The Apt team maintains Apt and python-apt.
Salsa Project: https://salsa.debian.org/apt-team/apt
- Source code:
git clone https://salsa.debian.org/apt-team/apt.git (anonymous)
git clone email@example.com:apt-team/apt.git (team members)
Current Team Roles
- David Kalnischkies is the main person that does the coding work (and is the evil mastermind)
- Michael Vogt is currently the main person doing review/uploads.
- Julian Andres Klode works mostly on python-apt
- Christian Perrier is doing l10n maintenance.
How to use git
The apt team is using git as version control system.
How to contribute
Everybody can help APT. You are welcome to contribute on bug triaging, coding, fixing bugs and merging patches, translating and so on.
Creating a local branch
Before you start, we suggest you to get a working copy of either debian-sid or debian-experimental development branch.
APT uses git
apt-get install git
Preparing and triaging
At the beginning, it's better you start gaining experience with both the code and the documentation by looking at some minor and normal bugs. The following steps are suggested to get the triage done the best way for one bug:
- Read the whole information about the bug (and merged bugs), including comments until the end
- Read the provided patches (including merged bugs)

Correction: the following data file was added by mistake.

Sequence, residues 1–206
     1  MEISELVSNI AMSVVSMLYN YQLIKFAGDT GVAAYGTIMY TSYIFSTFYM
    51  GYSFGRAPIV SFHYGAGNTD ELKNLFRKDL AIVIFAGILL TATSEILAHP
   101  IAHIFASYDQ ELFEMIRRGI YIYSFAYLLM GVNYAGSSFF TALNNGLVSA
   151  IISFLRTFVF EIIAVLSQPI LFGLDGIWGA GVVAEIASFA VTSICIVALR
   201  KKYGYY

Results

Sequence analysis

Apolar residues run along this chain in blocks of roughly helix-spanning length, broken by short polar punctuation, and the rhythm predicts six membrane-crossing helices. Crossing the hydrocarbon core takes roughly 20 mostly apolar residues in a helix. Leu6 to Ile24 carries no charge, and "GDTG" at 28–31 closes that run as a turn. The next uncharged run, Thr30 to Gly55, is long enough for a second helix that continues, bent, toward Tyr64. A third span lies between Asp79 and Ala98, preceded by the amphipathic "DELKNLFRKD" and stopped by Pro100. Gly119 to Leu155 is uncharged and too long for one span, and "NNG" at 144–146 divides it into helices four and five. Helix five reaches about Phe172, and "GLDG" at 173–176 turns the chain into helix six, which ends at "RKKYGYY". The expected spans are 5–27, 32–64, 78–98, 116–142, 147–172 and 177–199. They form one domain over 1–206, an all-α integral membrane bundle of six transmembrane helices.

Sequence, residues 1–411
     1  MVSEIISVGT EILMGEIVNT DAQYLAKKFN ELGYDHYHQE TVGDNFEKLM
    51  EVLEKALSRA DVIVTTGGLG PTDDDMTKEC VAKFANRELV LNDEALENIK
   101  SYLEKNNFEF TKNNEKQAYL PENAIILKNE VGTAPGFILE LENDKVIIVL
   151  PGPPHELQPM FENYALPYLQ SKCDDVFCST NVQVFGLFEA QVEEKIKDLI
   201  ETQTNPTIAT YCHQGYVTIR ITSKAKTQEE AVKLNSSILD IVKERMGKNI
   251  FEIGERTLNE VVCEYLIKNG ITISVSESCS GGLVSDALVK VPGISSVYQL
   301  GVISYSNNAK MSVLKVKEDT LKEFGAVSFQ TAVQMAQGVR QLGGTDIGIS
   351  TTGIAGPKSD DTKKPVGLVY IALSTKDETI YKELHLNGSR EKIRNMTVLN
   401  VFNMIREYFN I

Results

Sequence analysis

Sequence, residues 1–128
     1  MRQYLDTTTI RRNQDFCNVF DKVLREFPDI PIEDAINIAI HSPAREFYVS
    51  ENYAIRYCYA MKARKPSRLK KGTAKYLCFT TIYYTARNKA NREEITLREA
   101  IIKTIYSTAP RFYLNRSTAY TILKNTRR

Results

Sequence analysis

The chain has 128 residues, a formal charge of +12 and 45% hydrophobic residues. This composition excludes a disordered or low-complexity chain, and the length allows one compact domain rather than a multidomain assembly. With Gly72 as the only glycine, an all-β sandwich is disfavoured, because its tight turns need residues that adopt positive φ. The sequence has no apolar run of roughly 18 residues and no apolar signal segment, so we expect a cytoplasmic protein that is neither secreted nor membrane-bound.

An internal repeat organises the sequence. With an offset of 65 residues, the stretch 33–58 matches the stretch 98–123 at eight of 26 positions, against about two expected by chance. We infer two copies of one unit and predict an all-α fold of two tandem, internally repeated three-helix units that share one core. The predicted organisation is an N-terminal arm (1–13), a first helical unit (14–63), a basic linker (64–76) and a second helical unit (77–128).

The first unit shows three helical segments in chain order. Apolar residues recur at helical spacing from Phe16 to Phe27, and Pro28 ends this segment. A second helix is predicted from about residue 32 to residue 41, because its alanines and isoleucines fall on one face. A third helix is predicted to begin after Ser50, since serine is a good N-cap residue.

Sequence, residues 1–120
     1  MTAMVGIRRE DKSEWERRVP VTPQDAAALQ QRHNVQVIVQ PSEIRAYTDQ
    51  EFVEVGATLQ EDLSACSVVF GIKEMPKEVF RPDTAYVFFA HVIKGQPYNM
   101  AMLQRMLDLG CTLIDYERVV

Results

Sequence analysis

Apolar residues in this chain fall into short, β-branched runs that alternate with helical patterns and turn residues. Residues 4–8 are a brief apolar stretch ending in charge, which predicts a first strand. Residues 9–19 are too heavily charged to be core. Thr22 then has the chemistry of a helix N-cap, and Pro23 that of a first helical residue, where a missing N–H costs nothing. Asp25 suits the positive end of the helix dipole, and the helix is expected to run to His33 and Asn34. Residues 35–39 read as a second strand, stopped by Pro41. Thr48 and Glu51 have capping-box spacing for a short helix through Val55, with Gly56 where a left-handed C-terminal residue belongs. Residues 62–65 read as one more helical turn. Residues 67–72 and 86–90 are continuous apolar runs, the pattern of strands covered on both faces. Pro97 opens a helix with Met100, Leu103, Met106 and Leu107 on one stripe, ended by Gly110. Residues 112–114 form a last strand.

Thank the reporter and the patcher then tune tags and severity when needed by using the control server. Please ask the maintainer when you are in doubt.
Apply the patches you think are worth to be included in the latest TIP of bzr (i.e. debian-experimental). If it doesn't get applied correctly, modify the sources accordingly to the patches and to the discussion and please attach an updated patch to the bug.
Save in a personal TODO all the bugs you triage and the ones you are in doubt to contact the maintainer at once.
Committing the changes
For each patch you apply or different things you do (also small changes or typos), commit them in your local branch and create a debian/changelog entry about the changes in a compact form:
git commit -m "Message"
Usually using the changelog entry as the message is enough.